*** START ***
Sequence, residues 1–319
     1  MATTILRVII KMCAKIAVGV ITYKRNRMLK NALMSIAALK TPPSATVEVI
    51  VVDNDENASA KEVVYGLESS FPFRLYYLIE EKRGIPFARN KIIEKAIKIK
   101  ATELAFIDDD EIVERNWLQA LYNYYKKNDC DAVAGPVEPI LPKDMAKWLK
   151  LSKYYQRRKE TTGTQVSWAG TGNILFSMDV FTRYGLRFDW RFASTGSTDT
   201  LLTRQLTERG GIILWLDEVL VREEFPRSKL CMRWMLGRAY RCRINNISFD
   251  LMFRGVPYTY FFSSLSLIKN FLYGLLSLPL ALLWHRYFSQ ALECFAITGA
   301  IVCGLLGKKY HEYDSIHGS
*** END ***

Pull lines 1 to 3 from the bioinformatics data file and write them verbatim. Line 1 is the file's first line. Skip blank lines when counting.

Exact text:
Sequence, residues 1–319
     1  MATTILRVII KMCAKIAVGV ITYKRNRMLK NALMSIAALK TPPSATVEVI
    51  VVDNDENASA KEVVYGLESS FPFRLYYLIE EKRGIPFARN KIIEKAIKIK